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The 2020 BMW M8 Is a 600 HP Rear-Wheel Drive Flagship 30 Years in the Making

Photos: BMW
Photos: BMW

Back in the early 1990s, BMW was playing with the idea of a 550 horsepower version of its classic 8 Series sports car, infamously developing a prototype that never made it to production, and was only discussed in detail years after its development. Fast forward 30 years, and the 2020 BMW M8 is here for real, and it’s a 600 hp flagship capable of putting all that power down on just its rear wheels.

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I only emphasize the rear-wheel drive capability of this new M8 because most modern performance cars, many BMWs included, rely on trick all-wheel drive systems to make sure the high-powered vehicles actually translate all those horses into rapid movement. BMW does this a lot, particularly with its sporty crossover behemoths.

But where BMW stands out among the high-powered Mercedes-Benz and Audi models of the world is it has an option on its trick all-wheel drive system that allows all of the power to head straight to the rear-wheels, like on the new M5.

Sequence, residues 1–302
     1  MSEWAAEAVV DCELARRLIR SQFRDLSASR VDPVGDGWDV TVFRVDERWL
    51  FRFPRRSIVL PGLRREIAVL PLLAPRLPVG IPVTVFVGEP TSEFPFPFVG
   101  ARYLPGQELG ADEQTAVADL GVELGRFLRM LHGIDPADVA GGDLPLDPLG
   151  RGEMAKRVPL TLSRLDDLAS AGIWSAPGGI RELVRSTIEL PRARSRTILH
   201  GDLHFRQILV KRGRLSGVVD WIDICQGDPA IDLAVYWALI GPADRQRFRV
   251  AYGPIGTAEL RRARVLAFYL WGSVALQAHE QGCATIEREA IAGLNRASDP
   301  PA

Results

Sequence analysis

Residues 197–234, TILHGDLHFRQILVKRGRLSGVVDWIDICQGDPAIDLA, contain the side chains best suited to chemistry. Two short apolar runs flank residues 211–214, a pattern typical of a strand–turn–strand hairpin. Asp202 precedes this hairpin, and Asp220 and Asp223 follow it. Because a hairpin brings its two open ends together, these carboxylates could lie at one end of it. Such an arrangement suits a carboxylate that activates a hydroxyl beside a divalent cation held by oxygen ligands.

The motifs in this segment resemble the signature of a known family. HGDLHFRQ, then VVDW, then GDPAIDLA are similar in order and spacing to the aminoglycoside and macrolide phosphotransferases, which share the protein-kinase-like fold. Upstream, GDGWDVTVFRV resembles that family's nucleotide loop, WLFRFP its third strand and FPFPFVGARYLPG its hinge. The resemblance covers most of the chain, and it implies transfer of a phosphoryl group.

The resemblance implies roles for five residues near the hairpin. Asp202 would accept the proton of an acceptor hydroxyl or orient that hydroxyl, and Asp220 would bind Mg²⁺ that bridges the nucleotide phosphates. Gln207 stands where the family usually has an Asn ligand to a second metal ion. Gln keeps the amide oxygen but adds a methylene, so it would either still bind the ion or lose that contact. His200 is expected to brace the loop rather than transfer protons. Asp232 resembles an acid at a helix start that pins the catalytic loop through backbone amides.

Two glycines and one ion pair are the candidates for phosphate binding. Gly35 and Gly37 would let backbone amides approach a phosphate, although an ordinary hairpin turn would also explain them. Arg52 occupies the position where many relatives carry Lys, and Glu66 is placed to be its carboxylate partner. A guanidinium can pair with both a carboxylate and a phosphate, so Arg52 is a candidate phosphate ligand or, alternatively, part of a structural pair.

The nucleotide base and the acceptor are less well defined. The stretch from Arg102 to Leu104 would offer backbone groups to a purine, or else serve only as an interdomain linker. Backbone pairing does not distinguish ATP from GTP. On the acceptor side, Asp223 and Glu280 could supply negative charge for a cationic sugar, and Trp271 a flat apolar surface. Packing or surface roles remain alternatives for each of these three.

Illustration for article titled The 2020 BMW M8 Is a 600 HP Rear-Wheel Drive Flagship 30 Years in the Making

That M xDrive system is now on the new 2020 BMW M8, with rear-biased all-wheel drive as standard, the option for an all-wheel drive Sport setting, and if you deactivate Dynamic Stability Control (DSC) completely, you get pure rear-wheel drive.

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On the standard 2020 M8, a twin-turbo 4.4-liter V8 engine makes 600 hp and 553 lb-ft of torque, while the M8 Competition V8 cranks out a little more at a 625 HP, though there’s no separate torque figure listed on BMW’s website.

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All versions of the M8—the standard coupe, standard convertible, and Competition versions of both—all get an 8-speed automatic transmission with steering-mounted gear-shift paddles. The cars also come with M Adaptive suspension and a configurable brake pedal setup with two different modes—one for comfort and one for ultimate bite—which just sounds primed for confusion.